COP28 preview: Here’s everything you need to know about the climate conference in Dubai
We’re now in the very final preparations for COP28, which begins in Dubai on Thursday (30 November). Read on for the answers to all your COP28 FAQ, including who’s attending, what the key negotiating topics are, and much more.
What are COPs? And who attends them?
‘COP’ stands for ‘the Conference of the Parties of the UN Framework Convention on Climate Change (UNFCCC)’. The aim of these events is for nations to provide updates on efforts to reduce emissions and improve climate resilience and to agree on new targets and measures to increase ambition and delivery.
COPs have been held every year since 1995 and, each year, the COP Presidency rotates among the UN’s recognised regions – Africa, Asia, Latin America and the Caribbean, Western Europe, Central and Eastern Europe and other nations.
COPs are attended by world leaders on the first few days and official negotiating delegations for the duration. Other policymakers, including environment, energy and climate ministers, also attend. Over the years, the presence of other groups – known as non-state actors – has gradually increased. COPs are now attended by NGOs, city and town representatives, citizens’ groups, businesses, faith groups and all manner of other organisations.
COP28 officially begins in Dubai, United Arab Emirates (UAE), on Thursday 30 November. It is due to finish on Tuesday 12 December. Organisers are aiming to attract more than 60,000 people.
How are COPs organised?
Once a country makes a successful bid to the UN to host a COP, it must select a president-designate for the summit. Environment or energy secretaries are a popular choice.
The UAE’s choice is its special envoy for climate change, Sultan Ahmed Al Jaber. He is also the chief executive of the nation’s state-owned oil and gas business, ADNOC, which makes him a controversial pick.
COPs are usually held at existing event venues and staffed by temporarily expanded workforces within the host government. COP26 in Glasgow in 2021, for example, was at the Scottish Event Campus. COP28 will be at Expo City (pictured).
There are concerns this year about whether a significant proportion of the COP28 workforce are employed by, or have other interests in, ADNOC. The Guardian reported in July that ADNOC decision-makers were able to read email chains sent to decide on the Presidency’s key messages and how it would respond to media requests for comment.
It has since emerged, thanks to investigative journalism work spearheaded by the Centre for Climate Reporting and the BBC, that the UAE planned to agree new oil export deals on the sidelines of COP28. This is not unprecedented; government representatives have long struck deals including those in high-carbon sectors outside of the venue but during the summit. However, it does raise even more concerns on whether the UN should draw harder lines on what is permissable during COPs.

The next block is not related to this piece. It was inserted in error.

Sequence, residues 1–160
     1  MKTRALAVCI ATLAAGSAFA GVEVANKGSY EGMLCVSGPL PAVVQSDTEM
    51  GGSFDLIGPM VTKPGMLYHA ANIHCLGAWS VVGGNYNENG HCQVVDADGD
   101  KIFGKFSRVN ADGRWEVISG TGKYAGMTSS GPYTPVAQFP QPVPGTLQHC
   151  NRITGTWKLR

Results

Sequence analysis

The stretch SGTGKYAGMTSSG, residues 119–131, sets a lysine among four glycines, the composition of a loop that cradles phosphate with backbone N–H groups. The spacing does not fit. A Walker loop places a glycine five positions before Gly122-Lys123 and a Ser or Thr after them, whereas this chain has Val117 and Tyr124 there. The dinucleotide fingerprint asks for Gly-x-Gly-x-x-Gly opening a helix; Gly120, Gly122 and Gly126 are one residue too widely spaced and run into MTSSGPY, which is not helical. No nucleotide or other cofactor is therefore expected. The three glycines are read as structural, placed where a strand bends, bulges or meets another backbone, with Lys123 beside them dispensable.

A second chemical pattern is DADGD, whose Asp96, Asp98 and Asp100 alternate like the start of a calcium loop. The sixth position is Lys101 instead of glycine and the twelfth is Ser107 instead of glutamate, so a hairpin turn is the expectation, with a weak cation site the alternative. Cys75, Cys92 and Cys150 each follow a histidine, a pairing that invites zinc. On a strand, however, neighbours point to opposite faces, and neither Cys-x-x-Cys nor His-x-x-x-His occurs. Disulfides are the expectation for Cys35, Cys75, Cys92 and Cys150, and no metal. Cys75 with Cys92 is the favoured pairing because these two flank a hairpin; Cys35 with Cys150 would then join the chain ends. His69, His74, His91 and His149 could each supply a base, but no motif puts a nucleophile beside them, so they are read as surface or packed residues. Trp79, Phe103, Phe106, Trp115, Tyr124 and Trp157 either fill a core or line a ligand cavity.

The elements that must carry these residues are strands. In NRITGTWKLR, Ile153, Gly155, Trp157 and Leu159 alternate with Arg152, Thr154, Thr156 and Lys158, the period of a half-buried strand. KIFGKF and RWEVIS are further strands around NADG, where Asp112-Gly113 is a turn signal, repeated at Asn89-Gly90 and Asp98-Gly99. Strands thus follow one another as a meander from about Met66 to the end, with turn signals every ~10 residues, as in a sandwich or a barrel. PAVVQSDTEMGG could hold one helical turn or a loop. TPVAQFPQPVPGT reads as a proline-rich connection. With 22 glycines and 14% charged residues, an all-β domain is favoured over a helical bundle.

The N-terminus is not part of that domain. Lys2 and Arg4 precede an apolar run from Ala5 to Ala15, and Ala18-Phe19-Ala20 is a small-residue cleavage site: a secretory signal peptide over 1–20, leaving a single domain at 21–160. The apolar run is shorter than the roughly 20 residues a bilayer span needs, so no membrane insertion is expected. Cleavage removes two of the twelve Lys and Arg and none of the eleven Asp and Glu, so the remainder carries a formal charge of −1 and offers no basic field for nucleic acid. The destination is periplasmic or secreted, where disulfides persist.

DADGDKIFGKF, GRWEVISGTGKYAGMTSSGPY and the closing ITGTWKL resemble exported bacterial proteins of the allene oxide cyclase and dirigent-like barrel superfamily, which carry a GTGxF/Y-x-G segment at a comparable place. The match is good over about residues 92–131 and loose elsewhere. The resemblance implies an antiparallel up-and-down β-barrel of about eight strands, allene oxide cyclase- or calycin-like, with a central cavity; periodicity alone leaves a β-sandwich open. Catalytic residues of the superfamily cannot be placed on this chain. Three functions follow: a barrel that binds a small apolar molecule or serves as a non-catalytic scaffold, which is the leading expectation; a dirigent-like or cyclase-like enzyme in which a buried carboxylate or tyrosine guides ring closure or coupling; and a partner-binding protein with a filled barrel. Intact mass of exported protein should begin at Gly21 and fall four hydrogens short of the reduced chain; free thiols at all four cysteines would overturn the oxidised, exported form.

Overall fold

Every COP has two main zones – blue and green. The blue zone houses the official negotiating room, country pavilions and the media centre. It is where world leaders give their initial address during the first two days, also. Only selected attendees are given access to the blue zone.
The only people allowed in the negotiation rooms are official negotiators, ministers, facilitators and a select group of observers. Businesses and other so-called ‘non-state actors’ are not asked to directly add their input.
The green zone, meanwhile, is open to all attendees. It will play host to side events and pavilions and desks manned by businesses, academic organisations, NGOs and civil society groups.
What happened last year at COP27?
The general consensus is that the agreement struck at COP27, which took place in Egypt in November 2022, was not strong enough.
This summit concluded with a final text that did not mention phasing out all forms of fossil fuels – something that had been proposed in the draft. Oil and gas exporters reportedly pushed for weaker language around ‘phasing down’ and advocated the mention of ‘low-emissions’ energy rather than clean or renewable energy, opening the possibility for carbon capture at fossil fuel plants to be framed as an alternative to renewables and nuclear. Also advocated was a pledge to reduce “inefficient” fossil fuel subsidies rather than all fossil fuel subsidies.
One glimmer of hope was the long-awaited agreement on the creation of a loss and damage fund, following U-turns from the likes of the US and EU. The fund is still to be operationalised but this should happen soon after a blueprint was agreed upon earlier this month.
There were also several notable initiatives launched outside of the negotiating room at COP27.
Barbados’s Prime Minister Mia Mottley kick-started an international stream of work intended to reform the global financial infrastructure to better unlock flows of international climate finance. E3G has a useful explainer of her ‘Bridgetown Agenda’ here.
From the COP27 presidency itself, we saw a new ‘Sharm-El-Sheikh Adaptation Agenda’ programme, headlined by a pledge to improve climate resiliency for at-risk places that are home to some four billion people.
What has happened since COP27?
It is widely accepted that the last 12 months have presented many new and deepening challenges in global geopolitics. Only time will tell how the COP28 presidency will deliver a day of conference proceedings relating to relief, recovery and peace after a year of extreme weather, war and divisive elections.
Regarding UN-led international diplomacy on the environment specifically, COP negotiators this year have something they didn’t at COP27 – an updated global biodiversity treaty.